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The Problem With Quantifying ‘Big Dick’

While most dudes may want their dicks to be considered ‘big,’ there’s no objective measure. So why does the obsession continue?

In any context, “big” is a messy thing to quantify. That messiness, however, is never more baffling than it is when we talk about bodies. Here, big can mean many things — in a bodily context, bigness can produce stigma and shame from both its presence and lack thereof. Add sex to the equation, and assessing what “big” actually means seems absurd. But in the case of “big dicks,” the world continues to try.

There are literally billions of Google results pertaining to penis size, and searches for “what is considered a big penis” or “average penis size” have remained relatively steady for the last 15 years. Of course, there is some statistical data to help answer these questions, though the data itself might only complicate things further. Most studies point to a worldwide average of around 5.1 inches in length when erect. “Big” may therefore mean anything above this margin, or might require a number significantly higher. It’s even possible that the average-sized penis is “big.” While we can quantify what is average, we don’t have the precise language to determine what big means. 

As such, the abundance of searches for answers is almost more revealing than the potential answers themselves. The searches point to an anxiety and need for assurance that the internet writ large seems unlikely to provide. 

Answers from real-life people are similarly confounding. “My personal definition of ‘big dick’ is if someone is bigger than 7.5 inches,” one young woman tells me. “In my sex life, I would say I’ve only fucked one true ‘big dick.’” 

For her, big doesn’t always mean better, either. “The focus on bigness is bizarre because most women probably agree a big dick can be uncomfortable during sex, especially when it’s slamming against my cervix.”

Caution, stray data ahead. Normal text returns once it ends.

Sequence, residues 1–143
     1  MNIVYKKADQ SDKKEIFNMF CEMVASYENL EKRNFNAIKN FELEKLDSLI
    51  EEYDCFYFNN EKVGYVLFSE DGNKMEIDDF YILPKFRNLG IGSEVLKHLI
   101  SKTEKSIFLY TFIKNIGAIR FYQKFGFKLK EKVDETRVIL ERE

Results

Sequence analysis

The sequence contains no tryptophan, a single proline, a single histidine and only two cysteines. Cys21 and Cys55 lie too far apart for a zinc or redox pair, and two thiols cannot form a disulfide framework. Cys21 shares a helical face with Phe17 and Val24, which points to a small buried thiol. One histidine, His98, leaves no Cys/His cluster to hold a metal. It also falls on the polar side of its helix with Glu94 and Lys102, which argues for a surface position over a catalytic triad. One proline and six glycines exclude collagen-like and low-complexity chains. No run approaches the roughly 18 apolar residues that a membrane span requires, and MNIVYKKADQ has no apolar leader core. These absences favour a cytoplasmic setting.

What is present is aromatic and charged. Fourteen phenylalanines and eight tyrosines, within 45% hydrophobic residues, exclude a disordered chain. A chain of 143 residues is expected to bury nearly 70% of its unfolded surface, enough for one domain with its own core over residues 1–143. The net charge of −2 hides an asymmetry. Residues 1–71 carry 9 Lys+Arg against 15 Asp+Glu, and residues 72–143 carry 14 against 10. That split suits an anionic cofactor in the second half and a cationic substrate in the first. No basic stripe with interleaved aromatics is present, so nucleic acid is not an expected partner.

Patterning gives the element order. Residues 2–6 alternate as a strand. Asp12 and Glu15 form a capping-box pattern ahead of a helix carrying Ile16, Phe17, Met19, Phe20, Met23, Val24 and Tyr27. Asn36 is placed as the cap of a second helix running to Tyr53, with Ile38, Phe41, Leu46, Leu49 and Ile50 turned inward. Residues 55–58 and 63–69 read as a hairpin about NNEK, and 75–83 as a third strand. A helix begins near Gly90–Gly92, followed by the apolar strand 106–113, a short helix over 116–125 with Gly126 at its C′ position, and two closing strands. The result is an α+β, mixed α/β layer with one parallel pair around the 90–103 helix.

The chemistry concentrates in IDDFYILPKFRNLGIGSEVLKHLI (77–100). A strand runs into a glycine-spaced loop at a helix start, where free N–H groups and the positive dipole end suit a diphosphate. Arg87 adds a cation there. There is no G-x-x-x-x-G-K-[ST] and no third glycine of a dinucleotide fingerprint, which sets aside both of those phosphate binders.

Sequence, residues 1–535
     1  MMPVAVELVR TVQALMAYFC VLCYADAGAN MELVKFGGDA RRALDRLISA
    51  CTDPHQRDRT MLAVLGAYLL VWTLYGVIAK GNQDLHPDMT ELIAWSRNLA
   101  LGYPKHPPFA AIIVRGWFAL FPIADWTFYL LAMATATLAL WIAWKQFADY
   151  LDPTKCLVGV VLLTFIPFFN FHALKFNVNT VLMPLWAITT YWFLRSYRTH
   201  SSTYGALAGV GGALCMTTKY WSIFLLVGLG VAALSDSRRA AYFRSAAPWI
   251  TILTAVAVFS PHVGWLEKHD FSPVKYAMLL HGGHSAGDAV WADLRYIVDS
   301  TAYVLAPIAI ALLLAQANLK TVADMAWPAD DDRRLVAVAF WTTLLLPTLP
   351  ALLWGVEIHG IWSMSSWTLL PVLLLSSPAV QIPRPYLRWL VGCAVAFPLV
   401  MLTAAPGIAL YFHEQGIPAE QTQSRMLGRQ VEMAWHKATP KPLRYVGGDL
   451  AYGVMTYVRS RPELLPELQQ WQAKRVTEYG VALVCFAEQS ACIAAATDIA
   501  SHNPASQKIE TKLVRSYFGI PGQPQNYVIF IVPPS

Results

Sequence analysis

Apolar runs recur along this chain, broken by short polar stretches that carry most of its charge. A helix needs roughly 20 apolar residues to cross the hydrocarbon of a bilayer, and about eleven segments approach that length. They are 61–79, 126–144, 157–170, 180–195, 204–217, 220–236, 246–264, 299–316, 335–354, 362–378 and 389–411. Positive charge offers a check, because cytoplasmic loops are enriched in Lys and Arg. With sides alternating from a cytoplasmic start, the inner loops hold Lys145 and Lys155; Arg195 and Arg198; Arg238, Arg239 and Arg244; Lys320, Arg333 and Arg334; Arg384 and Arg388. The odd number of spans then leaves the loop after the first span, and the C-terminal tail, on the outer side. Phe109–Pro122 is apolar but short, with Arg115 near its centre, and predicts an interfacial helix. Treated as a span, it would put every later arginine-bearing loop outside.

A married man who reached out to me explained his definition in similar terms. “I’ve had big dick problems with my wife,” he explains, comparing sex to a “6-inch diameter PVC pipe in a 4-inch hole.” Thus, “big dick” doesn’t even have a positive connotation. “Painful intercourse for the woman is how I define a BD,” he says.

This also points to the issue of girth, another variable subjected to our incomplete vocabulary. Many of those I spoke to on the subject didn’t explain their vision of bigness in numbers, but instead by describing other objects. “Girth over length always appears big, in my opinion. Like soda can dicks,” a different young woman tells me. One man said 7 inches in length made a dick “big,” but that the girth needed to be at least that of a cardboard toilet paper roll. And as writer and adult actor Ty Mitchell so aptly puts it, “The only true definition of ‘big dick’ is ‘bigger than mine.’” 

Despite the discrepancies in personal definitions, one broad theme in determining “big dick” seems to be that dick size doesn’t matter at all — until it does. This can apply to both ends of the spectrum of size. In a 1996 study of penis size, researchers ultimately concluded that only those with an erect penis of less than 3 inches in length ought to be considered candidates for enlargement. For the most part, a penis of below statistical average length is still perfectly acceptable. Conversely, as many have mentioned, a dick that’s above the statistical average has the potential to be painful. For some, an otherwise “average” sized penis can be painful, as well. 

The problem of “big dick” is one that has pervaded our cultural conversations around sex without being properly quantifiable. It’s a vague synthesis of definitions emerging from porn, pop culture and personal experience, none necessarily objectively true. Presumably, most men want to think their penis fits the bill of being big. But if everyone’s dick is big, is anyone’s?

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